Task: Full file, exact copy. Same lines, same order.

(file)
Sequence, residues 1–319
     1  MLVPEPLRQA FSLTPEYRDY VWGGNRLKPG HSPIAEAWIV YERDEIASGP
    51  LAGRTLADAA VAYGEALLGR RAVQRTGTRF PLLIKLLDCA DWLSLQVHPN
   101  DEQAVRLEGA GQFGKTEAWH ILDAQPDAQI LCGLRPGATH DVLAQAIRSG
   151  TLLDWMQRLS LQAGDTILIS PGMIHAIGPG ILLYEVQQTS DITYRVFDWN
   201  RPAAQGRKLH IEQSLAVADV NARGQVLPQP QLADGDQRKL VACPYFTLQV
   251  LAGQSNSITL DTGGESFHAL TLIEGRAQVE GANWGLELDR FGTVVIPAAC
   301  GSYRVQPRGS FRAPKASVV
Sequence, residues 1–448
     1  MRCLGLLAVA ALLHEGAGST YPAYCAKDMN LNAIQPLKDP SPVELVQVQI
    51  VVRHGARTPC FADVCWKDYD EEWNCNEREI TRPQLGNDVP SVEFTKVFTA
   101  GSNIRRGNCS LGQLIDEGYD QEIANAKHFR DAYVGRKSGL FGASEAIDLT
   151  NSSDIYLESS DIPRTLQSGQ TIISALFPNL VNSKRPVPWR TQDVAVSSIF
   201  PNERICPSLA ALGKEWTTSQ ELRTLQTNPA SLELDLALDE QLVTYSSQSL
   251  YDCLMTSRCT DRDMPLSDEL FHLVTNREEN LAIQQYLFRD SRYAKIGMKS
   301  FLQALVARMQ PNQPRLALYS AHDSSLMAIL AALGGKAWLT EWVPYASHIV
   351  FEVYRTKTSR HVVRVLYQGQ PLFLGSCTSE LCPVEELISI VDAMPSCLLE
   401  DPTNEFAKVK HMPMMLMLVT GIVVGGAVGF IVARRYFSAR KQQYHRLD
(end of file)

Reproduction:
Sequence, residues 1–319
     1  MLVPEPLRQA FSLTPEYRDY VWGGNRLKPG HSPIAEAWIV YERDEIASGP
    51  LAGRTLADAA VAYGEALLGR RAVQRTGTRF PLLIKLLDCA DWLSLQVHPN
   101  DEQAVRLEGA GQFGKTEAWH ILDAQPDAQI LCGLRPGATH DVLAQAIRSG
   151  TLLDWMQRLS LQAGDTILIS PGMIHAIGPG ILLYEVQQTS DITYRVFDWN
   201  RPAAQGRKLH IEQSLAVADV NARGQVLPQP QLADGDQRKL VACPYFTLQV
   251  LAGQSNSITL DTGGESFHAL TLIEGRAQVE GANWGLELDR FGTVVIPAAC
   301  GSYRVQPRGS FRAPKASVV
Sequence, residues 1–448
     1  MRCLGLLAVA ALLHEGAGST YPAYCAKDMN LNAIQPLKDP SPVELVQVQI
    51  VVRHGARTPC FADVCWKDYD EEWNCNEREI TRPQLGNDVP SVEFTKVFTA
   101  GSNIRRGNCS LGQLIDEGYD QEIANAKHFR DAYVGRKSGL FGASEAIDLT
   151  NSSDIYLESS DIPRTLQSGQ TIISALFPNL VNSKRPVPWR TQDVAVSSIF
   201  PNERICPSLA ALGKEWTTSQ ELRTLQTNPA SLELDLALDE QLVTYSSQSL
   251  YDCLMTSRCT DRDMPLSDEL FHLVTNREEN LAIQQYLFRD SRYAKIGMKS
   301  FLQALVARMQ PNQPRLALYS AHDSSLMAIL AALGGKAWLT EWVPYASHIV
   351  FEVYRTKTSR HVVRVLYQGQ PLFLGSCTSE LCPVEELISI VDAMPSCLLE
   401  DPTNEFAKVK HMPMMLMLVT GIVVGGAVGF IVARRYFSAR KQQYHRLD